December 22, 2020
“The Heart of Christmas” motion picture theatrical is a superb blend of ancient biblical prophecies and Persian magi folklore and timeless story-telling and modern dance all packaged in the one stage that opens to sing-out the central message of Christmas: the promised King, Messiah, Jesus (Y’Shua) was born Savior of the world about 2000 years ago.
To be sure, this is not a story that will put anyone to sleep. It draws you in through the classic portal of a book opened in an attic by a grandmother wanting to read “The Servant King” story book to her granddaughter. This opens up the portal back to the court of ancient Persia. The lifeless picture of Mustafa in the story book begins to move and talk…and you guessed it-this is the opening of drawing us back in time to the ancient Persian court where the magi were gathered. This tantalizing entertaining trick was done marvelously in full color as good as a Disney film but without the animism and witchcraft, and therefore markedly better from a Christian and biblical perspective.
Each of the Magi with their folklore names one by one make their entrance and sing a song. At this point early in this theatrical with the story rooted in the Bible, the Persian court set, the acting and the singing led me to break out with “Bravo! Bravo.”
And if anticipating the Magi’s departure and arrival in Bethlehem to worship the Christ Child, I thought to myself, if it ended there, it would bring satisfaction and would seal a double Bravo.
But there is more to this story, for this story has multiple layers from three generations of a family in our contemporary time with periodic flashbacks to the Magi via The Servant King story book. From grandmother to daughter, and from daughter to granddaughter, the “Heart of Christmas” box is opened and in it is The Servant King story book, and opening the book, and beginning to read again draws us back to these ancient Persian Magi and their journey to Judea.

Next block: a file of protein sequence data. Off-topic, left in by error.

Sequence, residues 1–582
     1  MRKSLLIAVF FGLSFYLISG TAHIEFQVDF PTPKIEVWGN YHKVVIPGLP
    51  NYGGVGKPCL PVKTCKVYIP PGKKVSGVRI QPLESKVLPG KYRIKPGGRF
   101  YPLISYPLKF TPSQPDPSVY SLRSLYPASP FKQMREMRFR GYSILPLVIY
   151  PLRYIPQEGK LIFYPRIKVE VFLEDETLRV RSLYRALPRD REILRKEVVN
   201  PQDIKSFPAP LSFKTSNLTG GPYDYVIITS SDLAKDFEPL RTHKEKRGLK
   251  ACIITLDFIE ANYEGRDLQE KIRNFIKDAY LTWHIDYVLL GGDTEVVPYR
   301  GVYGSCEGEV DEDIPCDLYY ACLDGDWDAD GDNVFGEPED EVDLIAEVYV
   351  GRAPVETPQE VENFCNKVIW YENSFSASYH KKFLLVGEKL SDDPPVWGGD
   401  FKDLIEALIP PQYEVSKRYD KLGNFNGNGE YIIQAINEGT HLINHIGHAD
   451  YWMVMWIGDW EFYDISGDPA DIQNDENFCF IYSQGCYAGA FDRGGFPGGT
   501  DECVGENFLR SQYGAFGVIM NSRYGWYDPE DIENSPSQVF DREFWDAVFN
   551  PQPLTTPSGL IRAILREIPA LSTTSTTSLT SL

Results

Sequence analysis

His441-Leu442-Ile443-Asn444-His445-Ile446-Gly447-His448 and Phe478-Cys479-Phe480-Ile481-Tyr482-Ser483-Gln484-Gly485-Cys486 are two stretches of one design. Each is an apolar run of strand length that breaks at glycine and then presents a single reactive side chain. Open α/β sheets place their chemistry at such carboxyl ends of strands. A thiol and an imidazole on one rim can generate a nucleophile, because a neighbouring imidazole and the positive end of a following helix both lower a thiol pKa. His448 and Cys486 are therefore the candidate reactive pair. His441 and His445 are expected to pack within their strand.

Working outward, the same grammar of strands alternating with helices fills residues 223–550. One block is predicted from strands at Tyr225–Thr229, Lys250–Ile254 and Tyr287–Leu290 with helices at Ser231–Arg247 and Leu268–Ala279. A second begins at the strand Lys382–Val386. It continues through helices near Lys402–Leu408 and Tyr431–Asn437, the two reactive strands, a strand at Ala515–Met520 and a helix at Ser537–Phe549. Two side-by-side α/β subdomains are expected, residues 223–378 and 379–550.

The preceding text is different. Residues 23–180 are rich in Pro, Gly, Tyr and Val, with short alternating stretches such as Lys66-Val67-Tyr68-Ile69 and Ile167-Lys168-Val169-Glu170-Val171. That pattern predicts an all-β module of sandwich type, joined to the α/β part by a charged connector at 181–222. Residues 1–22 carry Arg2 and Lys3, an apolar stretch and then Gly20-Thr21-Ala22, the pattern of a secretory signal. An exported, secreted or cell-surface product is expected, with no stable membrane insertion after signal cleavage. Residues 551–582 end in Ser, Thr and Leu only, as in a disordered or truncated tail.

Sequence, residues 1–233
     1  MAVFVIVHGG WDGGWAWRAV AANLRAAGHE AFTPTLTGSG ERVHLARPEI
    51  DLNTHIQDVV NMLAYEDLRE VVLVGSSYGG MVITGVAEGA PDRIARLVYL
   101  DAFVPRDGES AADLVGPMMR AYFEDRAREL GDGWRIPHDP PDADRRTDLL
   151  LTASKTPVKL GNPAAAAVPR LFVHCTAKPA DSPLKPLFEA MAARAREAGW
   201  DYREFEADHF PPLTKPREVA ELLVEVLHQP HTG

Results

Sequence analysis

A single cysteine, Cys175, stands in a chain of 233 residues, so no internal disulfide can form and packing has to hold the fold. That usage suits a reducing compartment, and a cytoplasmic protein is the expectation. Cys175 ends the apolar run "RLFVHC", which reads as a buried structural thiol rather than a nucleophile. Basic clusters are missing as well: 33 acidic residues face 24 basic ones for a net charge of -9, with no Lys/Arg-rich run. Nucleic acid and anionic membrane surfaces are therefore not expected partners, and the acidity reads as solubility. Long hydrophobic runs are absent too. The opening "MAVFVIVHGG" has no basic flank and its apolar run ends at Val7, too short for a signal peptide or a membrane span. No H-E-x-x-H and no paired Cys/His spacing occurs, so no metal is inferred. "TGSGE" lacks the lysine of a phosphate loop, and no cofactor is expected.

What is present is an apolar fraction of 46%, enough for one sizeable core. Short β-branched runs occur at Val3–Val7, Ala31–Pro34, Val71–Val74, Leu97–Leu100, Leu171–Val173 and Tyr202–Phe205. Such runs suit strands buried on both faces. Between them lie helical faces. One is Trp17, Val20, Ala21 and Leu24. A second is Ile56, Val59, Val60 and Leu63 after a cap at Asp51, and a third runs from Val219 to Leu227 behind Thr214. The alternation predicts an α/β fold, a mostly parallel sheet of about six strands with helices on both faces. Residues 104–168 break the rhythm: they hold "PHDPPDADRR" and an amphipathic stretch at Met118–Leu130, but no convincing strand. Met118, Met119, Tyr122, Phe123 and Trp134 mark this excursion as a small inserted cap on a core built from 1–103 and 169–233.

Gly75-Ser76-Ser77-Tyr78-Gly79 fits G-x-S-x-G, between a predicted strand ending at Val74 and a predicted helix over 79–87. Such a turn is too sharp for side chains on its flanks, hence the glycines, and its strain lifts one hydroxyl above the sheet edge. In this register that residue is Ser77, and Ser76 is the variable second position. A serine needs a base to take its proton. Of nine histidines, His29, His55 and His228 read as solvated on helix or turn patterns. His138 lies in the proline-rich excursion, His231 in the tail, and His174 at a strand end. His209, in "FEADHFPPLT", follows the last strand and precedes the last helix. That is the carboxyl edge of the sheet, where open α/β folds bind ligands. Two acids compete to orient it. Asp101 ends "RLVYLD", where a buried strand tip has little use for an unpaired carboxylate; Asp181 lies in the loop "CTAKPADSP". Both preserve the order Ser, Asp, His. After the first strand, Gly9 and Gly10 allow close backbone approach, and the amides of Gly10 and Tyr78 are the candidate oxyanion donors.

The “Servant King” theme, an unthinkable concept to worldly leaders, encapsulates a very rich biblical theology from Isaiah’s prophesy of a coming Suffering Servant to the coming of King Jesus in the Gospels in the New Testament who taught that to be the “greatest among you, you must be servant of all” (Matt. 23:11).
This ancient layer of the story focuses on a fourth Magi prince, Zargon (fictional). In this story, he is the “star” of the show, but not the STAR. He is the one who first catches the prophetic vision and makes the connection and convinces his fellow Magi that they must go to Judea to see this King. This actor gives a stunning performance in word and song. Yet the irony is that he is late on arrival and misses the baby King, and continues his quest in the Holy Land to find this Baby King after the other magi successfully arrived in time. And in his wisdom and yearning to see his righteous King, encounters a leper colony, and gives his ruby gift (fictional), which he had brought to give to his King, in exchange for medicines to care for the lepers of this colony. And in time, he too catches leprosy.